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How to blow an interview

By Laura Morsch
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( -- It happens all the time: A candidate looks perfect on paper, but once he opens his mouth in the interview, the hiring manager can't wait to hustle him out the door.

Even the most well-prepared, intelligent job seeker can turn into a bumbling mess once anxiety enters the equation.

Nerves can't be avoided -- but some of the most common interview mistakes can.

Timing is everything

Getting to the interview is never as simple as expected. If you need to be there promptly at 8 a.m., you can bet there will be snow, gridlocked traffic or a complete meltdown of your city's public transportation system.

Since you can't precisely predict your commute time, leave as early as you can.

"It may be only five minutes to you, but showing up late for an interview is inappropriate," says Roberta Chinsky Matuson, principal of Northampton, Massachusetts-based Human Resource Solutions.

"Do what you have to do to get out the door early," she says. "Worst-case scenario: You sit in the parking lot and listen to your iPod until it's time to go in."

Clothes make the (wo)man

If punctuality is important, dressing appropriately is downright crucial. Hiring managers complain that candidates come to interviews dressed in T-shirts, jeans and flip-flops.

"Research the company dress code and dress one level above company policy," suggests Dawn Gill, district director of Spherion Staffing Services in the Southeast.

"If you find the company dress code is business casual, for example, then plan to wear dress slacks or a skirt and blouse," she says. "If the company code is casual, plan to dress at the business-casual level -- which may mean khakis or other comfortable slacks or skirts paired with proper shirts."

If you have any doubt what clothing will be appropriate, wear a suit. And remember: While taking care of your appearance is a good thing, vanity can work against you.

"During the interview process, I've had a few candidates adjust their hair in the reflection in the window behind my desk -- sometimes they check themselves out three, four, five times," laments Greg Wilson, vice president of Levick Strategic Communications in Washington, D.C.

"Vanity does not become anyone in the interview process," he says. "Get it together before you show up. Otherwise I'll think you've never met a mirror you didn't like."

The company does what?

Your preparation shouldn't stop with your wardrobe. Never walk into an interview without at least a working knowledge of the company, its products and its industry.

"An interviewer will often ask, 'What do you know about our business, firm, company, etc.?'" says Ellen Yerman, executive director of career services and cooperative education at Villa Julie College in Stevenson, Maryland.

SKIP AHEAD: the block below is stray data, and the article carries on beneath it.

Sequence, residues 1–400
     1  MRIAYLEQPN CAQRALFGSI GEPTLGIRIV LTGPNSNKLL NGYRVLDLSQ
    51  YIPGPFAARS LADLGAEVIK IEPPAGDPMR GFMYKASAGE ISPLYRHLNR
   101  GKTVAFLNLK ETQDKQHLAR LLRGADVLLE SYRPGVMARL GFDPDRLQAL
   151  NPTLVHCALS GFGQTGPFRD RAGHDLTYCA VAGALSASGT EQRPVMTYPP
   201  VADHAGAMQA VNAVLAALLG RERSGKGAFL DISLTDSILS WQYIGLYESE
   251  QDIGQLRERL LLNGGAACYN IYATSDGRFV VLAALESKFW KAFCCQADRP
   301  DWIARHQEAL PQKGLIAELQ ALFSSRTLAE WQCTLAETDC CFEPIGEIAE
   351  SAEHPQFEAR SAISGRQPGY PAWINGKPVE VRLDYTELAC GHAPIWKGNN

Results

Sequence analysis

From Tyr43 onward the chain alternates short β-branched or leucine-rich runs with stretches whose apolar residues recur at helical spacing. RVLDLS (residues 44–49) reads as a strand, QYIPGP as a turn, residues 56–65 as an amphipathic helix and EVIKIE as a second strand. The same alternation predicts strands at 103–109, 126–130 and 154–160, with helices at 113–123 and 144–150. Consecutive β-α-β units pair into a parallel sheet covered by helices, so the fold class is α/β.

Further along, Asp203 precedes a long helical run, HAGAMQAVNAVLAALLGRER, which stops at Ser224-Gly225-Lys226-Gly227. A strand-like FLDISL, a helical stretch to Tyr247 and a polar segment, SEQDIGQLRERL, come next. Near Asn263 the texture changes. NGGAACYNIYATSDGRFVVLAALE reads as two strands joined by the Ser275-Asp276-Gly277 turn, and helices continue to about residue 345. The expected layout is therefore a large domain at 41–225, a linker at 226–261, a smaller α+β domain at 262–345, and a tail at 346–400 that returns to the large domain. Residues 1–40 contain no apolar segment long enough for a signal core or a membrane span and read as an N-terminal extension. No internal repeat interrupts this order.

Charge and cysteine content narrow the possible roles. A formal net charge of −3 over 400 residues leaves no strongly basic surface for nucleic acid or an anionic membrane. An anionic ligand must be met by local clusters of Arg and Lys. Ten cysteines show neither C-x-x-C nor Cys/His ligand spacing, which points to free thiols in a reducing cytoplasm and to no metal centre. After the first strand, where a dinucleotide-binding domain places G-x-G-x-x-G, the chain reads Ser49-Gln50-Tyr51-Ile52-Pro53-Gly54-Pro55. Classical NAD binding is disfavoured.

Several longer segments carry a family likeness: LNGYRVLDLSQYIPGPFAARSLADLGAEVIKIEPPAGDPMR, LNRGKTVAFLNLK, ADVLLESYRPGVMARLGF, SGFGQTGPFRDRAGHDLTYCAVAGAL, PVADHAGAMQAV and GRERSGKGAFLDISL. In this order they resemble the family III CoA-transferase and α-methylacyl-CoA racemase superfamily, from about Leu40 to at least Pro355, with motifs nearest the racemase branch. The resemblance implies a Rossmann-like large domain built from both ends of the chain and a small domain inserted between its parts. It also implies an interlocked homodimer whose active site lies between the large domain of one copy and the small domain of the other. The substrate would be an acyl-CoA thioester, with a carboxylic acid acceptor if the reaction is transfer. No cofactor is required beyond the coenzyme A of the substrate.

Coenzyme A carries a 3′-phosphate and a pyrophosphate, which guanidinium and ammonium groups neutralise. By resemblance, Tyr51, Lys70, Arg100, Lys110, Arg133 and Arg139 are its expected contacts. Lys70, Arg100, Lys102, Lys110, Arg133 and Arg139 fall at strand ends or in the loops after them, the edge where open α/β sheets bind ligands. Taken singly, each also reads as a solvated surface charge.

"If the candidate stares blankly or gives a very broad answer, they already have an uphill battle to win the enthusiasm and support of their interviewer," she says. "The solution, of course, is research, research, research."

The night before the interview, visit the company's Web site and pore over its financial statements, press releases and corporate mission.

A little too revealing

"What do you know about the company?" isn't the only question throwing job seekers off course. Unfortunately, many nervous job seekers turn begin rambling when confronted with a tough question, revealing potentially negative information about their skills or character.

"Usually it's the most sensitive questions where people don't know where to stop," says Diane Wilson, a Chicago career and executive coach and author of "Back in Control: How to stay sane, productive and inspired in your career transition."

These tricky questions include: "Why did you leave your last job?", "What are your strengths and weaknesses?", and "Tell me about yourself."

"The best thing to do is to write out your answers and do some inner preparation," Wilson says.

It's not just what you say

The smoothest talkers could still wind up in trouble.

"Even if you say all the right things, your body language can send the wrong message," says Erika Weinstein, president and co-founder of Stephen-Bradford Executive Search.

Tapping your pen and fiddling with papers signal to the employer that you are nervous, she says. Slouching and leaning back indicate disinterest.

"Always remember to smile," Weinstein says. "Friendliness is crucial. Remember, if they have invited you for an interview they already believe you have the right skills, and what they are really trying to decide is if they want to work with you each day."

Laura Morsch is a writer for She researches and writes about job search strategy, career management, hiring trends and workplace issues.

© Copyright 2007. All rights reserved. The information contained in this article may not be published, broadcast or otherwise distributed without the prior written authority

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